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All-Glass Fiber Optic Sensor Performs Sensitive Force Measurements on Miniature Objects

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WASHINGTON, D.C., Sept. 10, 2020 — A team of researchers has designed a tiny fiber optic force sensor, approximately equal in diameter to a human hair, capable of measuring extremely slight forces exerted by small objects. The light-based sensor is made of silica glass formed into a cylinder. It overcomes the limitations of force sensors based on MEMS, and it could be used in applications spanning medical systems and manufacturing.

Using a micromachining process characterized by a distinct etching process that the researchers initially developed to create complex, all-fiber microstructures, the team based the sensor on an optical cavity known as a Fabry-Pérot interferometer, which is made from two parallel reflecting surfaces. The miniature sensor is equipped with a lead-in fiber at its endpoint, which, together with a thin flexible silica diaphragm, makes up the device’s interferometer.

The force-sensing tip can also be reduced in size to about 10 µm in diameter, making it adaptable to the performance of numerous force-sensing tasks.

Researchers have developed a tiny fiber optic force sensor that can measure extremely slight forces exerted by small objects. It can be immersed in a variety of liquids and doesn’t need any additional packaging for most applications. Courtesy of Denis Donlagic, University of Maribor
Researchers have developed a tiny fiber optic force sensor that can measure extremely slight forces exerted by small objects. It can be immersed in a variety of liquids and doesn’t need additional packaging for most applications. Courtesy of Denis Donlagic, University of Maribor.

When external force is exerted onto a silica post with either a round or cylindrical force-sensing probe on the end, the length of the interferometer changes in such a way that the researchers can measure with subnanometer resolution. 

The all-glass construction increases the versatility of the all-optical fiber optic sensor. Though MEMS-based sensors provide miniature force-sensing capabilities, they require application-specific protective packaging, as well as multiple electrical connections. Unless properly packaged, they also lack biocompatibility and cannot be immersed in water.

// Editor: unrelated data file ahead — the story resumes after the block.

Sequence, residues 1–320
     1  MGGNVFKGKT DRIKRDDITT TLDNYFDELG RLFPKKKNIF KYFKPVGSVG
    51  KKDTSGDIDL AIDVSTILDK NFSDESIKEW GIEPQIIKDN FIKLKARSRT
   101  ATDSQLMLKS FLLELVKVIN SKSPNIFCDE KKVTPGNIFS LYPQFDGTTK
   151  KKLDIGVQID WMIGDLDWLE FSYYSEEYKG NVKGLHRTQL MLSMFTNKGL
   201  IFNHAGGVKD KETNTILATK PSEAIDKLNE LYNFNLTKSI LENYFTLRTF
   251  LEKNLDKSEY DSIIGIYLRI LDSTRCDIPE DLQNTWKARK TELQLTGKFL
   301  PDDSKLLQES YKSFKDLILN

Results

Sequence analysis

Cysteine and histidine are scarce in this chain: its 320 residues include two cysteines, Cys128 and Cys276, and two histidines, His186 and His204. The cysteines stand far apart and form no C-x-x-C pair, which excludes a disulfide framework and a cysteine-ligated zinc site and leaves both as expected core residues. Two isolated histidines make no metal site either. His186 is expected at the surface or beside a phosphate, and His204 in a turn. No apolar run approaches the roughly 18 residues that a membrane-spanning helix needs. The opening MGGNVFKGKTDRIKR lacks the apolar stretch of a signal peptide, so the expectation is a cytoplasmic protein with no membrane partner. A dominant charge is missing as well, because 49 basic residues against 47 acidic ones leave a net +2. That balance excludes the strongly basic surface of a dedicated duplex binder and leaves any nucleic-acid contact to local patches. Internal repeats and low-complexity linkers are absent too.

The new sensor’s features additionally created an air-sealed cavity. The cavity is protected from contamination, making it increasingly amenable for use in biochemical environments. The glass sensor is capable of immersion in a variety of liquids, measures both positive and negative forces, and functions at full capacity for most applications without added packaging.

Denis Donlagic, from the University of Maribor (Slovenia), is the leader of the research team that has introduced the sensor. He is joined by the University of Maribor’s Simon Pevec. Together, the pair demonstrated the ability of the sensor to measure force with a resolution better than a micronewton.

“The high-resolution force sensing and broad measuring range could be used for sensitive manipulation and machining of small objects, surface tension measurements on very small volumes of liquid, and manipulating or examining the mechanical properties of biological samples on the cellular level,” Donlagic said.

The researchers used the new sensor to measure the surface tension of a liquid by measuring the retraction force when a miniature cylinder was removed from water and isopropyl alcohol. Courtesy of Denis Donlagic, University of Maribor.


The researchers used the new sensor to measure the surface tension of a liquid by measuring the retraction force when a miniature cylinder was removed from water and isopropyl alcohol. Courtesy of Denis Donlagic, University of Maribor.
In application, after precisely calibrating the sensor, the researchers measured Young modulus (a measure of stiffness) of a human hair and a dandelion seed. By completing a process in which they removed a miniature cylinder from a liquid, the researchers also used the sensor to measure the force of retraction.

The researchers ultimately measured force with a resolution of approximately 0.6 micronewtons and a force range of approximately 0.6 millinewtons.

As the size of the force-sensing tip can be reduced, those using it can create sensors of increased complexity. These include those that measure magnetic and electric fields or that determine the surface tension of a liquid.

Though the sensor is ready for use, improving the overload robustness, producing probe tips with other shapes, and/or adding miniaturized packaging could expand its applications. The team is currently working to automate the sensor’s fabrication processes to increase its practicality, its members said.

The research was published in Optics Letters (www.doi.org/10.1364/OL.401690).
 

Photonics.com
Sep 2020
GLOSSARY
glass
A noncrystalline, inorganic mixture of various metallic oxides fused by heating with glassifiers such as silica, or boric or phosphoric oxides. Common window or bottle glass is a mixture of soda, lime and sand, melted and cast, rolled or blown to shape. Most glasses are transparent in the visible spectrum and up to about 2.5 µm in the infrared, but some are opaque such as natural obsidian; these are, nevertheless, useful as mirror blanks. Traces of some elements such as cobalt, copper and...
fiber opticsSensors & DetectorssensorsResearch & TechnologyAmericasEuropeinterferometersTest & MeasurementeducationindustrialmedicalnanoopticsglasspackagingsilicaMEMS-based sensorsUniversity of Maribor

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